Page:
PARIS / LONDON (dpa-AFX) – European stock exchanges returned to normal after the strong weekend. On Friday, positive signals in the US-China-Brexit trade dispute brought significant gains, but came to the start of the week after worrying news from China, further doubts about the rapid progress. Investors made profits on Monday.
EuroStoxx 50 (EURO STOXX 50) as the main index of the eurozone fell 0.38 percent to 3556.26 points after falling more than 1 percent in the meantime. The French CAC 40 lost 0.40% to 5643.08 points, and in the UK the FTSE 100 lost 0.46% to 721.45 points.
China wants to hold further talks before signing the so-called "first phase" of the trade deal, Bloomberg news agency learned from people familiar with the matter. Details still need to be worked out in late October before President Xi Jinping can sign the deal announced by Trump on Friday.
Investors have now realized that there is still nothing to be excited about what has been achieved so far between the US and China, wrote market analyst Neil Wilson of trading Markets.com. And even Brexit's lack of progress helps markets little.
On the corporate side, almost every sector in Europe saw losses, with the commodity sector paying its biggest mark on Friday's gains with a nearly 2.5 percent discount. Also clearly weakened to less than 1%, insurers and oiland gas companies suffering from the sharp drop in oil prices.
At the end of EuroStoxx, BBVA shares fell more than 1.7% in a slightly darker environment. Shares in British bank HSBC, on the other hand, resisted the general weakness of the sector and closed only slightly below. For just over a week, speculation circulates that the bank has a radical Downsizing plans. More recently, the Sunday Times reported that jobs already circulating up to 10,000 jobs in the US and Europe should disappear. He would receive it in terms of bank profitability if the report proves to be true, wrote Goldman Sachs analyst Martin Leitgeb.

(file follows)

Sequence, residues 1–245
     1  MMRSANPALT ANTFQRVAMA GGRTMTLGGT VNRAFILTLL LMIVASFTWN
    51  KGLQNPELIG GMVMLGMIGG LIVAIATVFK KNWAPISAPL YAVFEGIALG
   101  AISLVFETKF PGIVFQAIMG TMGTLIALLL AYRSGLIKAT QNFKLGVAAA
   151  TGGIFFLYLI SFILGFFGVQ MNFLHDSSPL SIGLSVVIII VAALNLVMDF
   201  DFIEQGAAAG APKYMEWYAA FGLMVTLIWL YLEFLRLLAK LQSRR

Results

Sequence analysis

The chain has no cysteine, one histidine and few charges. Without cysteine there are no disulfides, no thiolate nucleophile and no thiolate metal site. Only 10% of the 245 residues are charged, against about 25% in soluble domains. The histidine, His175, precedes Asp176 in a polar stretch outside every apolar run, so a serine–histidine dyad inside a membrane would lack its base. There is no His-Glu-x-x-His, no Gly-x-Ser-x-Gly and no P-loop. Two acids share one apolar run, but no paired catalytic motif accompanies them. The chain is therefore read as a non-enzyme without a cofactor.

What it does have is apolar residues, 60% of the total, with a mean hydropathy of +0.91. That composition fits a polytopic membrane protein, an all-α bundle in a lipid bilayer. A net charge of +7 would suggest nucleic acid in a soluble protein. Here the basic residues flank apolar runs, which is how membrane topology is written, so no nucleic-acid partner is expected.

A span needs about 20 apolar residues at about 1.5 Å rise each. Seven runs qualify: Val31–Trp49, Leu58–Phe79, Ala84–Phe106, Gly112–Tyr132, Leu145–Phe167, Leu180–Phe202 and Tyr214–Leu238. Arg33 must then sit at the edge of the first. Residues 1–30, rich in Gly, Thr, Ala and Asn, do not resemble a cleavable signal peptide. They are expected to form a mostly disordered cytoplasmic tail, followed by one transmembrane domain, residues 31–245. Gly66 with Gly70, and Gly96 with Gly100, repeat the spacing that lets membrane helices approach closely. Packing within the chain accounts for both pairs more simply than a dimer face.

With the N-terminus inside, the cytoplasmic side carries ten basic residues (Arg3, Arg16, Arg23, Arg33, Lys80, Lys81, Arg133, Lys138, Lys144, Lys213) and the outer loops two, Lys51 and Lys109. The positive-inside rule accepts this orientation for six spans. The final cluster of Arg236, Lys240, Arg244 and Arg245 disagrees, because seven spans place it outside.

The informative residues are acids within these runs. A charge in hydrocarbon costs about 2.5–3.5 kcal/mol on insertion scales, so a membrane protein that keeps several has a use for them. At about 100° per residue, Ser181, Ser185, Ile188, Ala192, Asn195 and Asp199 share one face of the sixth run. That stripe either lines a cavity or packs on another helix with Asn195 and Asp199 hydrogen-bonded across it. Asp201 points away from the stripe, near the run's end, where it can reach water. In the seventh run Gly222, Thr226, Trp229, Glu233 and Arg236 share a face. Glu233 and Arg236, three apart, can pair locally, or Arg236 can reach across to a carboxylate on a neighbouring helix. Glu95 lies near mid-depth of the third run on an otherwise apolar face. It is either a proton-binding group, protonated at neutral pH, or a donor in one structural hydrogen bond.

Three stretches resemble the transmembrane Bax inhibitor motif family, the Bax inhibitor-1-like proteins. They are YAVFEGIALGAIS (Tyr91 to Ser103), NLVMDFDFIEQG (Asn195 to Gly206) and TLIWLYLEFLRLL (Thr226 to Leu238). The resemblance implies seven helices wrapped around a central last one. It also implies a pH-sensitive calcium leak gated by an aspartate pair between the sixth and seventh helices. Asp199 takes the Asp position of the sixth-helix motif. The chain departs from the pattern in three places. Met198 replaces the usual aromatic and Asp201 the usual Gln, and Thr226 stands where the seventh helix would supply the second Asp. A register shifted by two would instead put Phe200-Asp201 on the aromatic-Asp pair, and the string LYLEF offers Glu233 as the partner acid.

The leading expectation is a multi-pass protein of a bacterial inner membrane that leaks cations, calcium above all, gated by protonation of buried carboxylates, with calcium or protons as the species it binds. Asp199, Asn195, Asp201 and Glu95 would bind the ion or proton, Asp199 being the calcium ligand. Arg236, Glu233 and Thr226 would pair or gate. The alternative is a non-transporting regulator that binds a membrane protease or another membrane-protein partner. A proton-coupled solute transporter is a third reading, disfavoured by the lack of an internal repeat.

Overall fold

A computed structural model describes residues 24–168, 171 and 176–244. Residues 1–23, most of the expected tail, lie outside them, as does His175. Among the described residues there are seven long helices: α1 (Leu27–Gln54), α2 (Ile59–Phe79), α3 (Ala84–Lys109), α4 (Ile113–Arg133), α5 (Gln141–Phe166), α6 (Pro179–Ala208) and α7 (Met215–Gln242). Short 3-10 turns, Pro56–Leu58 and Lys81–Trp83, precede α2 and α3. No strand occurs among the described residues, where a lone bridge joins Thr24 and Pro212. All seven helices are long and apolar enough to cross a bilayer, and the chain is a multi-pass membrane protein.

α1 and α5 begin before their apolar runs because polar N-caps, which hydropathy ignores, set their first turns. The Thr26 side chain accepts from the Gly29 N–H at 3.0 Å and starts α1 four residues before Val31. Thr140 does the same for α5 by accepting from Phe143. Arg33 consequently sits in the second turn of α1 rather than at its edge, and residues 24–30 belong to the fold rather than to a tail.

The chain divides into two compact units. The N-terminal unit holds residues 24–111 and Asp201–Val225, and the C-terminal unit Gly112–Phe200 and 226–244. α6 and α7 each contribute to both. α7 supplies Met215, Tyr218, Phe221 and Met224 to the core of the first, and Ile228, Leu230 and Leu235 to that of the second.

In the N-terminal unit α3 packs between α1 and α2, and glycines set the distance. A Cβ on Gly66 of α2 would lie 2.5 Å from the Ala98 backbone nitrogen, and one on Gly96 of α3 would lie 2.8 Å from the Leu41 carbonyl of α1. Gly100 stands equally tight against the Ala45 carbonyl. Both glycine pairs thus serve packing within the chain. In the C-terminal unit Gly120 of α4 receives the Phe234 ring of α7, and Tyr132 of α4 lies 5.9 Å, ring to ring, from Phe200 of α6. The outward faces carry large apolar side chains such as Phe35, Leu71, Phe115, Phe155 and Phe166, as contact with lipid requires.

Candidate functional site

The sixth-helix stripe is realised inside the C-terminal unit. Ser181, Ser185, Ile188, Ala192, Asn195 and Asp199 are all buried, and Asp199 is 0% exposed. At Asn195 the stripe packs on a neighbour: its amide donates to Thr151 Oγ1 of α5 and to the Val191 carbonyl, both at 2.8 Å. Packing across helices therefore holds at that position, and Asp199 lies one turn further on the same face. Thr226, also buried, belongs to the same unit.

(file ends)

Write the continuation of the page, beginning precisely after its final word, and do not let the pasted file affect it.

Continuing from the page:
The biggest bullfights of the day took a back seat in London: the planned acquisition of Sophos (Sophos Group) by financial investor Thomas Bravo increased the security software company's shares by 38%. For a while, the newspaper was still trading above Bravo's 583 pence per share. At $ 7.40 per share in cash, Sophos is valued at $ 3.8 billion, making the acquisition the UK's largest technology acquisition this year.
In Zurich, the newspapers of the telecommunications company Sunrise (Sunrise Communications) appeared after an irregular start on the spot. It was previously known that Sunrise now also receives support from UPC owner Liberty Global (Liberty Global A) for the planned acquisition of the cable operator. Liberty wants to support Sunrise's capital increase of up to SFr500 million (about EUR 454 million). Liberty Global shares recently gained ground in New York./la/fba